1. You want to share your stories with the world, you’re just not there yet. So there’s this long and often frustrating waiting period where you have to keep working silently in a corner, and that’s hard.
2. It’s normal to start writing a book you’ll never finish, but a lot of guilt comes with that, and friends and family who have never experienced this just won’t understand it even when you try to explain it to them.
3. You want to be a published author more than anything you’ve ever wanted before. But wanting something isn’t enough, and sometimes the work is just exhausting and instant gratification is non-existent.
4. The “are you writing a book” question gets really old really fast — sometimes because the answer is “yes.” Sometimes because the answer is “no.”
5. Every time someone asks “When are you going to publish a book?” the pressure builds.
6. It gets lonely. Even hanging out with an entire cast of characters, it gets lonely.
7. You’re trying. You’re not sure if you’re trying hard enough, but you’re still trying.
8. Sometimes reading someone else’s published book is the only thing that inspires you to keep working on yours.
9. Not everyone is ready to talk about their work in progress but we still kind of want to be asked about it anyway.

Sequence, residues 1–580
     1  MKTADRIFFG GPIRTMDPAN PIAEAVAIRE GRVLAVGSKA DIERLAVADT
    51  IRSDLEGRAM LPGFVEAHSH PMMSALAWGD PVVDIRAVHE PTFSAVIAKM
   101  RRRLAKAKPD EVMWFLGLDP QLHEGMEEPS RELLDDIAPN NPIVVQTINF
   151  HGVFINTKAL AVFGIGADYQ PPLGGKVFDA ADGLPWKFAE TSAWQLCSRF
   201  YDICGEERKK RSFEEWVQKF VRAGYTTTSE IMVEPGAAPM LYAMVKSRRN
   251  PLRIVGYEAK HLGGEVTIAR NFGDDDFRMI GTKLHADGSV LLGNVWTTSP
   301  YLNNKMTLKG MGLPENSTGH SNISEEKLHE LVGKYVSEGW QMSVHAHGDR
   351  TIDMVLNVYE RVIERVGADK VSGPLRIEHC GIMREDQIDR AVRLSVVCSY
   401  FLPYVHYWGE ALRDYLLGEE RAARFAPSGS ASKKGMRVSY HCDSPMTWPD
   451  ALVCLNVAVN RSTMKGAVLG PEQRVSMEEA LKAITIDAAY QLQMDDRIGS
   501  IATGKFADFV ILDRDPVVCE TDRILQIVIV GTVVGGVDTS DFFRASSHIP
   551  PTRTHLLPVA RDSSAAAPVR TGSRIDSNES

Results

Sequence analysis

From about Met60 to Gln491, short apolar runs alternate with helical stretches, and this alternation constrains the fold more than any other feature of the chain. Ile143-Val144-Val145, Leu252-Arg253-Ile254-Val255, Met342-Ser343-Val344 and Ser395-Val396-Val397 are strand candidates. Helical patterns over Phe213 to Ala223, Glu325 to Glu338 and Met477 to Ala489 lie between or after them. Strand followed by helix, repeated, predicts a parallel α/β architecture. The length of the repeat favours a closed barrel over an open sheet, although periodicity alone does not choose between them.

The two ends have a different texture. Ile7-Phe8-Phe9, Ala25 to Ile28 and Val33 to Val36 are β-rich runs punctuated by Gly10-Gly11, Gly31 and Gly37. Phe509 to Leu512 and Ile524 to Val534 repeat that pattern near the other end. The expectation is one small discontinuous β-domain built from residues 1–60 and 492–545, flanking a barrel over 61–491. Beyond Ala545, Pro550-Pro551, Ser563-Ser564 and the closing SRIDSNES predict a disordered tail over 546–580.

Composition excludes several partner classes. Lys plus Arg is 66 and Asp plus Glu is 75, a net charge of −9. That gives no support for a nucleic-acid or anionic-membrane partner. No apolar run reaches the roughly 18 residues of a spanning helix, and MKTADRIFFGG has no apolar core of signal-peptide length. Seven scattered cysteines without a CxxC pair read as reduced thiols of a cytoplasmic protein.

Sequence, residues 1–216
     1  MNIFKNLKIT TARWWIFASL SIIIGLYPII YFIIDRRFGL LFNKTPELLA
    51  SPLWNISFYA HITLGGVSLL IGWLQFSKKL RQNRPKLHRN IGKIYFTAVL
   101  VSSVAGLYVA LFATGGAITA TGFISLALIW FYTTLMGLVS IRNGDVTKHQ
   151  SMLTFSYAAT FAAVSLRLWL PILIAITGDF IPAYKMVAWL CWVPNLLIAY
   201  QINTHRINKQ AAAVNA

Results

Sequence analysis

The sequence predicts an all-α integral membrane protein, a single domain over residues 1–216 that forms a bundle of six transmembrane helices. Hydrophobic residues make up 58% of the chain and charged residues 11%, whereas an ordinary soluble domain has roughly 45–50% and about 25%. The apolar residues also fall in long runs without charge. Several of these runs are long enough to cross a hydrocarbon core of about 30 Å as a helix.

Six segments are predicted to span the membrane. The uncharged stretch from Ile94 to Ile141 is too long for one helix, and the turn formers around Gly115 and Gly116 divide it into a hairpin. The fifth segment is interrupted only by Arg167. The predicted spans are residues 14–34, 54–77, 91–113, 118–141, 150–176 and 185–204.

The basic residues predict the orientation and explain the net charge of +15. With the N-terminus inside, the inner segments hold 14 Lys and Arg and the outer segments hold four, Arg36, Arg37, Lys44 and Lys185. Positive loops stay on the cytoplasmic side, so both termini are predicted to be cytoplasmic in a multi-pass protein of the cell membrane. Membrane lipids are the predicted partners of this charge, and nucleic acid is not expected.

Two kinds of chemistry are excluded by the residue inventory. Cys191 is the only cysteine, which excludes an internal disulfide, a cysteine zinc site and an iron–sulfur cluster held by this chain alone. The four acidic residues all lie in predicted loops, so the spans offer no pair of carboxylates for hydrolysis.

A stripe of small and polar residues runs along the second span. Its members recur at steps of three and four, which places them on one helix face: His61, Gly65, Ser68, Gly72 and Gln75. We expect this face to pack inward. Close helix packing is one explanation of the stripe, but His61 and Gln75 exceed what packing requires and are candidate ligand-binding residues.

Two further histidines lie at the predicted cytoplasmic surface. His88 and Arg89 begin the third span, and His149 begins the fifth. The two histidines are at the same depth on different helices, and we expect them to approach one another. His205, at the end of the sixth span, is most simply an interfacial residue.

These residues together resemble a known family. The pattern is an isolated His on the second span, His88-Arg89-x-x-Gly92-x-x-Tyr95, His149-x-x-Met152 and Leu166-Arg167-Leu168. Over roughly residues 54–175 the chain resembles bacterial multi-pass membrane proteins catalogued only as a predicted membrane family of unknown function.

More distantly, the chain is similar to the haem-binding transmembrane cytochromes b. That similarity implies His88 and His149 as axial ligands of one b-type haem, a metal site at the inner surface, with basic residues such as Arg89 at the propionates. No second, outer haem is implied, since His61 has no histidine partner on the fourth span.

10. This is a lot harder than it looks.
11. The only way to learn how to write a good novel is to write a bunch of novels. Most of them will never get published. That’s kind of disappointing, but to do all that just to publish one … that has to mean something.
12. It’s not going to be easy. But you’re going to keep writing. Somewhere deep down you just know it’s going to be worth it someday.
Meg is the creator of Novelty Revisions, dedicated to helping writers put their ideas into words. She is a staff writer with The Cheat Sheet, a freelance editor and writer, and a 10-time NaNoWriMo winner. Follow Meg on Twitter for tweets about writing, food and nerdy things.
One thought on “12 Honest Truths About Being An Unpublished Novelist”
Oh, I feel this list deeply. Great (and heartbreaking) post. My last novel (still unpublished) is historical, and plot-heavy, and didn’t really allow me to easily pull out chapters or sections to serve as stand-alone stories. (But I probably need to try harder at this.) This time around, about a third into my second WIP, a multi-generational novel, I’m writing it in such a way that I’ve already been able to pull out a couple chapters that work as stories. This gives me something to feel excited about–and hopefully get others excited about (when I, fingers crossed, get them published)–while I’m slogging along on the tome. Great post. Thank you!